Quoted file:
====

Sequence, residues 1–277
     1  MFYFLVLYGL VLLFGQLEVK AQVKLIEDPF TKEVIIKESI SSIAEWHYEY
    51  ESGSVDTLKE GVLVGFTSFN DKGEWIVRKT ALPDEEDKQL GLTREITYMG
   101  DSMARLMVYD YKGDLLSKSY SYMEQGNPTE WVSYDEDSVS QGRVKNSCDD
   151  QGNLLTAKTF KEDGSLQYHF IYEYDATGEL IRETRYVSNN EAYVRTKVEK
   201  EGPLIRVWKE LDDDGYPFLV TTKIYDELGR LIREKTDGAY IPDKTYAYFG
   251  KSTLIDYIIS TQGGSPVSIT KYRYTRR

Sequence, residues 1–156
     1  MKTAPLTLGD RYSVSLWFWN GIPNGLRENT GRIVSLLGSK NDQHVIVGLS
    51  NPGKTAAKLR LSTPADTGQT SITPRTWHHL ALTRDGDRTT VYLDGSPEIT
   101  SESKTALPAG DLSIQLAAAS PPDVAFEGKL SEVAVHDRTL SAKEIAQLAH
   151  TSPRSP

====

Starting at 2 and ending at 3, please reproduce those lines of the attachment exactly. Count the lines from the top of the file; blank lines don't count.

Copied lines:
     1  MFYFLVLYGL VLLFGQLEVK AQVKLIEDPF TKEVIIKESI SSIAEWHYEY
    51  ESGSVDTLKE GVLVGFTSFN DKGEWIVRKT ALPDEEDKQL GLTREITYMG